This research project will examine the implementation of the NSW GP SNAP Trial approach as part of the 45 year old health check to be implemented through general practice in November 2006, and the impact on patient lifestyle.
Mark Harris, Gawaine Powell Davies, Nick Zwar
Mandy Ampt, Rachel Laws, Anna Williams, McKenzie S
The SNAP risk factors – Smoking, Nutrition, Alcohol and Physical activity, have been identified by the Australian Government Department of Health and Ageing as a primary care intervention priority for the prevention of chronic disease. There is evidence that general practice can play an effective role in addressing these risk factors.
Following on from the NSW GP SNAP Trial which examined the feasibility of implementation through Divisions of General Practice, this research project will examine the implementation of this approach as part of the 45 year old health check to be implemented through general practice in November 2006, and the impact on patient lifestyle. The aim of the health check is to assist general practices with detection and and prevention of chronic disease and enable early intervention strategies where appropriate. The learnings will make an important contribution to the development of the 45 year old health check and the capacity building required to implement lifestyle modification.
This study will compare the change in lifestyle behaviour of general practice patients at risk of chronic disease before and 3 months after being recalled around age 45 years for a health check by their general practitioner.
The study will also explore what is required to support general practice and other services in providing lifestyle intervention for patients.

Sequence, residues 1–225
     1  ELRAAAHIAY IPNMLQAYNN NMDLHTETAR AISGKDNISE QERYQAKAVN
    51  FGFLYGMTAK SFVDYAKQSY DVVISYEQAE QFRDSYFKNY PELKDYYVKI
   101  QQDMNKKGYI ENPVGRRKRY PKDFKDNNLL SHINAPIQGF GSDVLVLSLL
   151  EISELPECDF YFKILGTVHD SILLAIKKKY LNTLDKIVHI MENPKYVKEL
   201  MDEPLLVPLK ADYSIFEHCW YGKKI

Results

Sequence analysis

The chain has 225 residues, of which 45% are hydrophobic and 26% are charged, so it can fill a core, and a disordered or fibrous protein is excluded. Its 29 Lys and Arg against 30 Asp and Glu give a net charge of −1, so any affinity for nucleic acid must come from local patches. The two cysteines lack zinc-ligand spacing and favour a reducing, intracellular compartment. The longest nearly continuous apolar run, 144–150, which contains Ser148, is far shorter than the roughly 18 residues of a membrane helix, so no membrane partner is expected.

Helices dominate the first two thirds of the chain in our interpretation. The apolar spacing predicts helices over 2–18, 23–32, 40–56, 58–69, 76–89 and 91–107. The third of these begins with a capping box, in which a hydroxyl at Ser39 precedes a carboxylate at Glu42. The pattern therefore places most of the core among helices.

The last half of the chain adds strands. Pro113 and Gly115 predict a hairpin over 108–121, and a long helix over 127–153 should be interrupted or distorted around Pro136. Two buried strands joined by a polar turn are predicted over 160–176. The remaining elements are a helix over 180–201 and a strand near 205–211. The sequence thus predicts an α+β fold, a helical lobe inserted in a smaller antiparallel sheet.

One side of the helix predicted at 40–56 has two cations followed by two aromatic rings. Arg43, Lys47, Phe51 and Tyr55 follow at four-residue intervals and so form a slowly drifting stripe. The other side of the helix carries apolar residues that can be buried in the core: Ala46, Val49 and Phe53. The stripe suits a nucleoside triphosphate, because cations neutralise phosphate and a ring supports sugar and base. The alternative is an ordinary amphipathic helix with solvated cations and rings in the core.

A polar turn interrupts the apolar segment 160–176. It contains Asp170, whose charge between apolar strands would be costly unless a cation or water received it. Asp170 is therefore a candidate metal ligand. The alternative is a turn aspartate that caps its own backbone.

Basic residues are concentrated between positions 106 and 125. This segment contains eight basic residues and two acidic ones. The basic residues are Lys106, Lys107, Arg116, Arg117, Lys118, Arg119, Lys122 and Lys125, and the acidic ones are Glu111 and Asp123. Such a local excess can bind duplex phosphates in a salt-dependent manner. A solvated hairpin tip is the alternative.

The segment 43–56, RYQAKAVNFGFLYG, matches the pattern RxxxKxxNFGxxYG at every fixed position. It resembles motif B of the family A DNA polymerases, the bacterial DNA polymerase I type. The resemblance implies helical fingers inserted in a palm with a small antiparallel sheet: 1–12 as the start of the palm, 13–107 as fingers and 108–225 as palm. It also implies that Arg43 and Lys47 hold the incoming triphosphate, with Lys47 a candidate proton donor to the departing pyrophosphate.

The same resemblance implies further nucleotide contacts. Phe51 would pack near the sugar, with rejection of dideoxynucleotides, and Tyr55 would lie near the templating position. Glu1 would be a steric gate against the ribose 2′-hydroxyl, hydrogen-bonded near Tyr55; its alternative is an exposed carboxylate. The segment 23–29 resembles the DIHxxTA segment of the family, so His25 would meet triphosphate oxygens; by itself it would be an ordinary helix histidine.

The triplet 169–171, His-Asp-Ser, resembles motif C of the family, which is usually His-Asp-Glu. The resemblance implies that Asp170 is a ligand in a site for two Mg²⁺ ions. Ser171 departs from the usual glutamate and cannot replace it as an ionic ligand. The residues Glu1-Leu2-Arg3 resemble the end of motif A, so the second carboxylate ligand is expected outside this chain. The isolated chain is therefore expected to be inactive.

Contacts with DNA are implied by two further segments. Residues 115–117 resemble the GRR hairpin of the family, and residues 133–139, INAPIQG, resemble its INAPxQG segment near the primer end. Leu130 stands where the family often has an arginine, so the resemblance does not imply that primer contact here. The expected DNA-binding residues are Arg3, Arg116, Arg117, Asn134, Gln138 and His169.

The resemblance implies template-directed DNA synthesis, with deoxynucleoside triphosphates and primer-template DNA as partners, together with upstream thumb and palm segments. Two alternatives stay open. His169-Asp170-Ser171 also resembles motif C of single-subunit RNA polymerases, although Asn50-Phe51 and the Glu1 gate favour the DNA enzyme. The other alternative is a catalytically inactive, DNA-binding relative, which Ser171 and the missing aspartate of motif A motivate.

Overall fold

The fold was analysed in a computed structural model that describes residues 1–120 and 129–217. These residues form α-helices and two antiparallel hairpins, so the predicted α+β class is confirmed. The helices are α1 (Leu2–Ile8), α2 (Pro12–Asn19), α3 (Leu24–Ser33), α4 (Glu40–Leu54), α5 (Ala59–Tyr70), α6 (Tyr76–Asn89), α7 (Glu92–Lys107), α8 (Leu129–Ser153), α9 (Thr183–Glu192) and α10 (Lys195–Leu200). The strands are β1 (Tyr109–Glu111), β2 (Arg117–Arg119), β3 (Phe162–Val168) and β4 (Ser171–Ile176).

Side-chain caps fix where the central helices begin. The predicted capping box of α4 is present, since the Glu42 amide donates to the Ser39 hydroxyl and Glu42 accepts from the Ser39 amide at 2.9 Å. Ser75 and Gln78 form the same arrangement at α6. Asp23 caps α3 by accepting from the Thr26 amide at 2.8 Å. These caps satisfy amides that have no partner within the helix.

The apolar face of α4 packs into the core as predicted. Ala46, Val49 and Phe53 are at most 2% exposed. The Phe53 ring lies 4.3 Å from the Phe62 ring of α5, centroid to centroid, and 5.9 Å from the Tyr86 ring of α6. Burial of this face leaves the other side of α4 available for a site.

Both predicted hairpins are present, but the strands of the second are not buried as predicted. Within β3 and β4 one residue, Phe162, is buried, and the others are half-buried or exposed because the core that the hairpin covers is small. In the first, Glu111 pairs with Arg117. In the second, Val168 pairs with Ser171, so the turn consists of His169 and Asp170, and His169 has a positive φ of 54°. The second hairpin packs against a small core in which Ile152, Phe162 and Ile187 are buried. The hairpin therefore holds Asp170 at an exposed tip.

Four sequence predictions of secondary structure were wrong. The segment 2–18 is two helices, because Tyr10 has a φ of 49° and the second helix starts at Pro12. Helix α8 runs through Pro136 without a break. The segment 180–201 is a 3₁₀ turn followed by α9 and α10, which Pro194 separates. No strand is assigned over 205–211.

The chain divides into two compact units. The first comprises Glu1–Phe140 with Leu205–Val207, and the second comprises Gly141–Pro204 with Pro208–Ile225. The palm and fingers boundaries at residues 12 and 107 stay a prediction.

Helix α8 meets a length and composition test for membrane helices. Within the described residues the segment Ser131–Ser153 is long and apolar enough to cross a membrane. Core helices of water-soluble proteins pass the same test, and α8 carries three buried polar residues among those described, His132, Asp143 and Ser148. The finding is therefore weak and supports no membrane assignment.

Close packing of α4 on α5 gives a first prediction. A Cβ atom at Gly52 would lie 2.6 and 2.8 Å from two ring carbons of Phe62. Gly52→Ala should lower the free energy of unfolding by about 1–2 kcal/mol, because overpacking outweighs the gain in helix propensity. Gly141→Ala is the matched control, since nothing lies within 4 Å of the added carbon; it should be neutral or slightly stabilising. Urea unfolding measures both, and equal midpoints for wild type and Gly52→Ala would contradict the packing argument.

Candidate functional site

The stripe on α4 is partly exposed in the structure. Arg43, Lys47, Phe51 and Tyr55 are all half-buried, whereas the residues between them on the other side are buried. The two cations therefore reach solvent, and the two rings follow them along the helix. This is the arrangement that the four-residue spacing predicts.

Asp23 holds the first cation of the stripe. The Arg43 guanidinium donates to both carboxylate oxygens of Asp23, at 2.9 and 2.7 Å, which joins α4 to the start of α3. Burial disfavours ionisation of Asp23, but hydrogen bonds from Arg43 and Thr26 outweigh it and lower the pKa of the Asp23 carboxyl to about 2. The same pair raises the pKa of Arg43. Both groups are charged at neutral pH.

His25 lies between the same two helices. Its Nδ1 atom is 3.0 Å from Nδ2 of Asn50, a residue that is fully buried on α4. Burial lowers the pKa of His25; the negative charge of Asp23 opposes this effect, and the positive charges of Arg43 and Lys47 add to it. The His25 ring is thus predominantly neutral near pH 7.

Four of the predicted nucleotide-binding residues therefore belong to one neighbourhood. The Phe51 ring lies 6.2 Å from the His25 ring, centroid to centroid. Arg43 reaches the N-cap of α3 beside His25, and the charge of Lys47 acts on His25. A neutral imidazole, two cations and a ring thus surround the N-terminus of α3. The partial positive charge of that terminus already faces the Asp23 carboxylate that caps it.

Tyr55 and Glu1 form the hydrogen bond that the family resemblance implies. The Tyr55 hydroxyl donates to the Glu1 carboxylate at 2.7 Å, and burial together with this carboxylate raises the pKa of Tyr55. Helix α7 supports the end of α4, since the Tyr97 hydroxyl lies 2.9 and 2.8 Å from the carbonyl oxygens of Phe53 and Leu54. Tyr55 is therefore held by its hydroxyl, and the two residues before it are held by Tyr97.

This study will inform implementation of policy from the Council of Australian Governments on a preventive health check in general practice for people around the age of 45 years.
Participants: Eight practices from two Divisions of General Practice are participating in the study. Each practice has recalled 80 patients between 45-49 years and at risk of developing chronic disease to have a health check. These patients were invited by the practice to attend for the health check and to give consent to participate in the study.
Intervention: The study's intervention officer from the Division provided support and training to participating practices. Practices were supported to identify patients to call in for the Health Check, as well as screen for and manage behavioural risk factors that are identified at the health check.
Data collection: GPs and practice nurses completed a questionnaire to determine their knowledge, confidence and reported practices in the identification of patients at risk, conduct of the health check, assessment of risk factors and their management including referral. They are being interviewed after the trial regarding the acceptability of the 45-49 year old health check and to identify those factors which acted as a facilitator/barrier to implementation and patient behaviour change. We will compare the number of patients identified and recalled against those who present for screening. We will also collect data on the number of patients referred to other services and survey referral services to determine change in demand. Consenting patients have completed a questionnaire at baseline and are also completing this questionnaire three months after the health check. Using validated questions based on the NSW Health Survey these will identify practice attendance, assessment and management of SNAP risk factors, SNAP risk factor behaviours. and readiness to change risk factors.
Data analysis: We will examine the study variables before and after interventions and compare the difference in outcomes. Qualitative data will be analysed thematically to identify issues that impact on the successful implementation of risk factor management in this context.
Amoroso C, Harris M, Ampt A, Laws R, McKenzie S, Williams A, Powell Davies G, Zwar N. 45-to-49 year old chronic disease prevention health checks in general practice: ultilisation, acceptability and effectiveness. Research Centre for Primary health Care and Equity UNSW and Australian Primary Health Care Research Institute, ANU. 2008.
Mark Harris Email: email@example.com
Australian Primary Health Care Research Institute